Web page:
A total of 7569 children that had cardiac surgery were admitted to PICU, and 3414 of them were infants. 343 infants used mechanical ventilation above 2 days. 78 infants were diagnosed with moderate-to-severe ARDS (PaO2/FiO2), and who matched inclusion and exclusion criteria. 22 infants who received surfactant in addition to standard care constituted surfactant group. In order to minimize potential bias caused by differences in baseline characteristics between groups, patients were matched in a 1:1 ratio using the following baseline features: age (±30d), weight (±3 kg), RACHS-1, and initial PaO2/FiO2 (±10). These 22 controls were also offered surfactant but declined (high cost 5, guardians’ preference to use standard treatment 5, and guardians’ refusal for worrying about the potential complications 12). It was a comparative study evaluating the changes in clinical status and outcome between the two groups. The primary endpoint was the improvement in OI after 24-h of surfactant treatment; and secondary endpoints were ventilator time and PICU time.

Study drug

Surfactant (Calf Pulmonary Surfactant for injection, produced by Shuang he Inc., Beijing, CN) is a modified natural lung surfactant. It is produced by extracting the phospholipids, cholesterol, triglycerides, free fatty acids, surfactant protein B and surfactant protein C from bovine lung surfactant of newborn calf lungs. China Food and Drug Administration approved surfactant for neonatal respiratory distress syndrome.

The standard dose of surfactant is 50-100 mg/kg [14, 15], some patients may have side effects such as intense instant hemodynamic fluctuation and hypoxemia. Due to the high cost and the concern for airway obstruction, dose selection for the infant undergoing cardiac surgery was cautious. Considering that the native surfactant system of these infants was nearly normal before operation, and self-repairing systems of epithelial cells could replenish surfactant after CPB, a low dose of 20 mg/kg nature surfactant as the treatment dosage was used.

Study intervention

All operations were performed by 2 senior surgeons. Patients in both groups had received standard care according to the hospital protocol. The basic care contained fluid resuscitation, enteral feeds and pain management, and other treatments including cardiac, diuretic, anti-inflammatory. Vital signs, oximetry and hemodynamic parameters would be continuously monitored. The cardiac functions and circulatory blood volume status were obtained by pumping multiple vasoactive agents mainly including catecholamine drugs and giving adequate fluid supplement. Rescue protocol for any severe hemodynamic fluctuation would be prepared. Sedation and mechanical ventilation treatment would be strictly controlled. Supportive management and antibiotics were given as per unit policy. ARDS was diagnosed based on the standard recommended by the North American-European Consensus Conference Committee [16]. The diagnosis of ARDS was confirmed by clinical, radiological and laboratory findings.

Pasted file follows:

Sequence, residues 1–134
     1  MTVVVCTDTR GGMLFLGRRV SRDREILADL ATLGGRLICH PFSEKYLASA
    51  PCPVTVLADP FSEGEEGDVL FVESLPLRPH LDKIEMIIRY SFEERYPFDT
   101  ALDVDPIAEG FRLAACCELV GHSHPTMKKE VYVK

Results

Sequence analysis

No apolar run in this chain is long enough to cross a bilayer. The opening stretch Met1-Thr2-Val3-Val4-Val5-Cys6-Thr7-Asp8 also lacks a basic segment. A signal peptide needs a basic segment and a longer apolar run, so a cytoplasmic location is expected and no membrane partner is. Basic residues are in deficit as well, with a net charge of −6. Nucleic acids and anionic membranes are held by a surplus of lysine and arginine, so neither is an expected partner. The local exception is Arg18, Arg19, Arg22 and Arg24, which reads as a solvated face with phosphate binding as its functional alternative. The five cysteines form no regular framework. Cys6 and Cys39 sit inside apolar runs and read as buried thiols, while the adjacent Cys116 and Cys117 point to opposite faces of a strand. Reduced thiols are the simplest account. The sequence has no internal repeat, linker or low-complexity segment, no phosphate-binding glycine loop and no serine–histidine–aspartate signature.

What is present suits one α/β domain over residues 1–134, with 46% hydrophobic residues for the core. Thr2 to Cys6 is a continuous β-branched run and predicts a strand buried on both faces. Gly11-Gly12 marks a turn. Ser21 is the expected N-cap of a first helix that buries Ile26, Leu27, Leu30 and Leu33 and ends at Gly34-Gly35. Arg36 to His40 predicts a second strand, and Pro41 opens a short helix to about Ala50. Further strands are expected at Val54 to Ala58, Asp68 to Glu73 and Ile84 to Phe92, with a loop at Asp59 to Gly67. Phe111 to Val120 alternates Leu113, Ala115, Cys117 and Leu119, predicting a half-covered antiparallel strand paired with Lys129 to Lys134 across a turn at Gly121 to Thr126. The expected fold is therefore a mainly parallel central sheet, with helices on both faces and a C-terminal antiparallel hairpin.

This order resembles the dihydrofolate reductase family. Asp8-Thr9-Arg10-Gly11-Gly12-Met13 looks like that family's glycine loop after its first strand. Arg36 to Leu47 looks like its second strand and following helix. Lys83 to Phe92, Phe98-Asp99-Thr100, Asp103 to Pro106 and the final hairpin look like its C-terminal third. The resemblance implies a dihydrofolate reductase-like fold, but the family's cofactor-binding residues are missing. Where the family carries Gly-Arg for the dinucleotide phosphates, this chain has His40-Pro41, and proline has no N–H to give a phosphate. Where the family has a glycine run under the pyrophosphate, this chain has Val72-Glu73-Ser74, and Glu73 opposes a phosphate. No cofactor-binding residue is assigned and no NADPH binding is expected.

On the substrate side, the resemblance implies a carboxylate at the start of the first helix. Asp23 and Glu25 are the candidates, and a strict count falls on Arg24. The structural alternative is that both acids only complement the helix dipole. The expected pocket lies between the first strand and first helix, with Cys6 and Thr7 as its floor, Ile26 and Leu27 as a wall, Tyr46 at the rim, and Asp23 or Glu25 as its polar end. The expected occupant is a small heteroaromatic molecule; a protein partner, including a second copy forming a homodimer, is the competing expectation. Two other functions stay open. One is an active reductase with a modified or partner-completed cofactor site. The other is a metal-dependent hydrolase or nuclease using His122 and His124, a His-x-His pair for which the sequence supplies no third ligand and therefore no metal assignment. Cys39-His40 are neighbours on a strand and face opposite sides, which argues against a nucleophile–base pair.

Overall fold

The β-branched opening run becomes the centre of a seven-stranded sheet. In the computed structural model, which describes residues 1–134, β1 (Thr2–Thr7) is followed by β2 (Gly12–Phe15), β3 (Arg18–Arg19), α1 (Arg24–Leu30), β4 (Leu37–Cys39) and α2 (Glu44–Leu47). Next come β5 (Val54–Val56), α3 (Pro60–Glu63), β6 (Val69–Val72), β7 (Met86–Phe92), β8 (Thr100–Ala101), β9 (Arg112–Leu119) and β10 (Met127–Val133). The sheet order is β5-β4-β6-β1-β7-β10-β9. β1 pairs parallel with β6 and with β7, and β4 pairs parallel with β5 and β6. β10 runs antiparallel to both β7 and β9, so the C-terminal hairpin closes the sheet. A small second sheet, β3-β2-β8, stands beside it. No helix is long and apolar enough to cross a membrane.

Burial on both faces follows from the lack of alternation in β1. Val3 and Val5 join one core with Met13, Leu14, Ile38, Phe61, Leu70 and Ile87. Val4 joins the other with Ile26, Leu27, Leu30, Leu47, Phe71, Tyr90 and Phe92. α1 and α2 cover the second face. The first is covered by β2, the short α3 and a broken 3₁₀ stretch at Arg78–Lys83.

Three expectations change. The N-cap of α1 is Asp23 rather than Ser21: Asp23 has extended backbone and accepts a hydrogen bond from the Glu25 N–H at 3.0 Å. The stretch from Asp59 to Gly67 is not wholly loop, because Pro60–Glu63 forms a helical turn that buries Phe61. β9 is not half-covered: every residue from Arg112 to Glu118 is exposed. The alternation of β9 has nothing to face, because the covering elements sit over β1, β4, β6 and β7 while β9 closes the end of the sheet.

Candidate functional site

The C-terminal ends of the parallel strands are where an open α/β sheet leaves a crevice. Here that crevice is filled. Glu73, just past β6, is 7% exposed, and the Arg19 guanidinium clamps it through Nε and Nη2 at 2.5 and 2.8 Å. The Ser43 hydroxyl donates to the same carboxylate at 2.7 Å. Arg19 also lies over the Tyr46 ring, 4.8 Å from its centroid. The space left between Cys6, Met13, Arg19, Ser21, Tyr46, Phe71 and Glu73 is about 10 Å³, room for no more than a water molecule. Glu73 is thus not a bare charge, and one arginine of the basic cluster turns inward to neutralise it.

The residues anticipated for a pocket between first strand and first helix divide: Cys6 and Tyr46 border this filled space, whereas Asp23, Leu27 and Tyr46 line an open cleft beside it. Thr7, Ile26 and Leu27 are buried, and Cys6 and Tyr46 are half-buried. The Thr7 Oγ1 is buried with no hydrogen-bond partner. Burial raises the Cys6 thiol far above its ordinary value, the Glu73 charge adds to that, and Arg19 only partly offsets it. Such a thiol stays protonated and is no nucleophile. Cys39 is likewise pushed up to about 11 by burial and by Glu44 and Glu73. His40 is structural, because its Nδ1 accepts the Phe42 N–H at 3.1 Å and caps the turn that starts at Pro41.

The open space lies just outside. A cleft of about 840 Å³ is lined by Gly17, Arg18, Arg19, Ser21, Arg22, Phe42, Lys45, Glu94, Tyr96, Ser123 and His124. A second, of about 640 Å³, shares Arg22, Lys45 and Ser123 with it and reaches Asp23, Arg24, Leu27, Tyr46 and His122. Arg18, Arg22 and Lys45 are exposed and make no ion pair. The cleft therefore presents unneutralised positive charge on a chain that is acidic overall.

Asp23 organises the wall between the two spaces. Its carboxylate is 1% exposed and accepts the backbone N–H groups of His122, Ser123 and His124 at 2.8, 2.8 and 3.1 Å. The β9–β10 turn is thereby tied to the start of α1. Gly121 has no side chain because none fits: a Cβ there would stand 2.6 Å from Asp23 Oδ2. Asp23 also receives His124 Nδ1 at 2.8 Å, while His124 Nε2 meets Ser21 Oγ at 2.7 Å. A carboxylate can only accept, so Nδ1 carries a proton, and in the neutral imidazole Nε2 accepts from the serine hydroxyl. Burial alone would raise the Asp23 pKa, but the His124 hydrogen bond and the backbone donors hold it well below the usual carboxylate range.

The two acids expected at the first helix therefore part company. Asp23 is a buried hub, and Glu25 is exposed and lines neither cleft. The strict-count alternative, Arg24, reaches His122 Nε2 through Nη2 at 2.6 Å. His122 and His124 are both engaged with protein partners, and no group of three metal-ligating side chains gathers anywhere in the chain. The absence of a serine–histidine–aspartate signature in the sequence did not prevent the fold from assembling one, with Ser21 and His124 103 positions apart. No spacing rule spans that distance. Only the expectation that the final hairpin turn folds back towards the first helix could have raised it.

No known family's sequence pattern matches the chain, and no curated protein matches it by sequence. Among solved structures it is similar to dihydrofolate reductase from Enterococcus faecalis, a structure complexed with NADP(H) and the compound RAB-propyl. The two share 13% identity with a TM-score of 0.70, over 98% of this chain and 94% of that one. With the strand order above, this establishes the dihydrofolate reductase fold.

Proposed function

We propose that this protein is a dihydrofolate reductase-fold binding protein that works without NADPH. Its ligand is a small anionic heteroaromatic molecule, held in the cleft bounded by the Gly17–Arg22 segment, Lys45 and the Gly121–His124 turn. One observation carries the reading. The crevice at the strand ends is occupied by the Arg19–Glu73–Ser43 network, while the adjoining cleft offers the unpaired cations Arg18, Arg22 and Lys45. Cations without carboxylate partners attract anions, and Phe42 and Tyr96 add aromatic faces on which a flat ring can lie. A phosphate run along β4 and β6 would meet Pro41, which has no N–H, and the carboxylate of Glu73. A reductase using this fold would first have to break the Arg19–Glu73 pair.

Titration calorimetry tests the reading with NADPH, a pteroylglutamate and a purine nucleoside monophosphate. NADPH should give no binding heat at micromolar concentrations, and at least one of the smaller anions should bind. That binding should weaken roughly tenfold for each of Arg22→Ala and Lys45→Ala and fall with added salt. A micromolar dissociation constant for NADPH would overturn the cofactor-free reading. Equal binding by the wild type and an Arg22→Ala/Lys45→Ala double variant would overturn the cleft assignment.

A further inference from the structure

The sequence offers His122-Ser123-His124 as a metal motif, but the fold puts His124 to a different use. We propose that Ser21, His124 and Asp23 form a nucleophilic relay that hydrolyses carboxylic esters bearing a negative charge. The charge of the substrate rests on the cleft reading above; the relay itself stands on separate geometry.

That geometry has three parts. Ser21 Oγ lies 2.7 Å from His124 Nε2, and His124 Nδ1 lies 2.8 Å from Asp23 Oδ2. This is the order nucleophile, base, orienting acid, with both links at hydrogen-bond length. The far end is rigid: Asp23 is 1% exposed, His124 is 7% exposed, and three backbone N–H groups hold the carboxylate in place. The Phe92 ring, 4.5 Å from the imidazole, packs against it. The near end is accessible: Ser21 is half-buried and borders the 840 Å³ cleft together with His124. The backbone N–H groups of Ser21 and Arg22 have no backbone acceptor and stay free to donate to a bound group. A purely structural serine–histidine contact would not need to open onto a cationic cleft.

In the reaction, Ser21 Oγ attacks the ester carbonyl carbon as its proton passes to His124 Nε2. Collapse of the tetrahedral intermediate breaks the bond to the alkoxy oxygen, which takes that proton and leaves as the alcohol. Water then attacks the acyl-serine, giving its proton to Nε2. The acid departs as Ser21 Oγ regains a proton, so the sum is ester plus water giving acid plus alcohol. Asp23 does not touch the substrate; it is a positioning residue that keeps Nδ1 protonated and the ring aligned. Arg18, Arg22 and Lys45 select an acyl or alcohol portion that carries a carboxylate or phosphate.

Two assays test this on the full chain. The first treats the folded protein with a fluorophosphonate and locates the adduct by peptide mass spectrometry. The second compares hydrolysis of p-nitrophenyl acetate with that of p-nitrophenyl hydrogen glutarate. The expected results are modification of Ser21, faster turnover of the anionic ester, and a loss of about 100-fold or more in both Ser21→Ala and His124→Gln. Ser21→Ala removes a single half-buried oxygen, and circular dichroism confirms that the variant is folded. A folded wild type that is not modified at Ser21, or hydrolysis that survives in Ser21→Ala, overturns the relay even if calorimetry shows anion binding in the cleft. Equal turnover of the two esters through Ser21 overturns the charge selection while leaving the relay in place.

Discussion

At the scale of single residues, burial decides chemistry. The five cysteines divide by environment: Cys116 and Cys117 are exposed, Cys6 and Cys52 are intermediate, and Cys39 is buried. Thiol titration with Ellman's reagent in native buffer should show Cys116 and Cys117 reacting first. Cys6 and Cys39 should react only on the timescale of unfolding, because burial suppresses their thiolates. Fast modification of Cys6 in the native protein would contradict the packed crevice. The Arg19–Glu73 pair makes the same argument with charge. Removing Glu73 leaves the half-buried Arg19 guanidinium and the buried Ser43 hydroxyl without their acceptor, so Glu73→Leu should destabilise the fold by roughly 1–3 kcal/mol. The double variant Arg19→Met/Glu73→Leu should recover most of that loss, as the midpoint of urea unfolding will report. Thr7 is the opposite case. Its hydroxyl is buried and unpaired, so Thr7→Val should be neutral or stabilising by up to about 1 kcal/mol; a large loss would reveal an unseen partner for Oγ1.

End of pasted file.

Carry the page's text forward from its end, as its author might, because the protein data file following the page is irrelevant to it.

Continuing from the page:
Lung protective ventilation strategy was applied to all infants before enrollment. All infants were intubated and supported by mechanical ventilation with synchronized intermittent mandatory ventilation mode of the ventilator (PB 840®). Ventilator settings were adjusted to arterial blood gas results. The peak inspiratory pressure was adjusted to reach a tidal volume goal of 6 ml/kg to 8 ml/kg. To keep the PaCO2 below 45 mmHg, the inspiratory time would be set at approximately 0.5 s, with respiratory rate 25–40/min, PEEP 4–8 cmH2O. Also, to maintain arterial oxygen saturation above 85% and PaO2 above 50 mmHg, peak inspiratory pressure and FiO2 needed to be adjusted.

Natural surfactant (bovine) would be given 20 mg/Kg (35 mg/ml). After receiving the written parental permission, surfactant would be instilled into the trachea via an endotracheal tube using a small catheter in 4 equal aliquots, which would be instilled in four different positions (left, head up then down, right). Manual ventilation with 100% O2 would be applied for 5 min after the treatment. With concomitant sedation and muscle relaxation, the next tracheal suctioning would be performed at least 4 h later. The acute effects of surfactant therapy would be evaluated 24- h after the treatment. Vital signs were monitored continuously and recorded for 60 min after the intervention. Chest radiographs were acquired before and after surfactant administration every day.

Data collection

Data was entered on a pre-designed case record form from the patients’ archived files. The data extracted included patient demographics, blood gases, ventilator settings, complication, total time on ventilator, total time in PICU and clinical outcomes. Ventilator days were counted from the first day that a patient received mechanical ventilation. Ventilator parameters were recorded before the start of surfactant administration. After surfactant treatment, OI and VI were derived from the measured data. OI was calculated via mean airway pressure * FiO2 *100/PaO2 and VI was calculated via PaCO2 * peak inspiratory pressure * respiratory rate/1000.

The baseline demographic and clinical characteristics that were collected were age, weight, sex, RACHS-1, total on-pump time, aortic clamping time, OI, VI, PaO2/FiO2, PaO2 and the status of the patient within the time of inclusion (Table 1). In addition, the severity of illness at the time of inclusion was recorded and assessed by using the SOFA score [17]. Moreover, the daily vital signs, urine output, laboratory data, ventilator settings, vasopressor dosage were extracted.

Table 1 Study population and baseline characteristics

Statistical analysis